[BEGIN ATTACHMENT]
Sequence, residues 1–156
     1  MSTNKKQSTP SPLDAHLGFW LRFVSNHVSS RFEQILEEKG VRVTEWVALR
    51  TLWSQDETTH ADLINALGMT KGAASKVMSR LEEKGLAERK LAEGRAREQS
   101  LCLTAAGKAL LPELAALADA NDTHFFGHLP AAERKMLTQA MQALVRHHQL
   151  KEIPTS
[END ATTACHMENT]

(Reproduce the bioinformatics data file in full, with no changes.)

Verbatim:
Sequence, residues 1–156
     1  MSTNKKQSTP SPLDAHLGFW LRFVSNHVSS RFEQILEEKG VRVTEWVALR
    51  TLWSQDETTH ADLINALGMT KGAASKVMSR LEEKGLAERK LAEGRAREQS
   101  LCLTAAGKAL LPELAALADA NDTHFFGHLP AAERKMLTQA MQALVRHHQL
   151  KEIPTS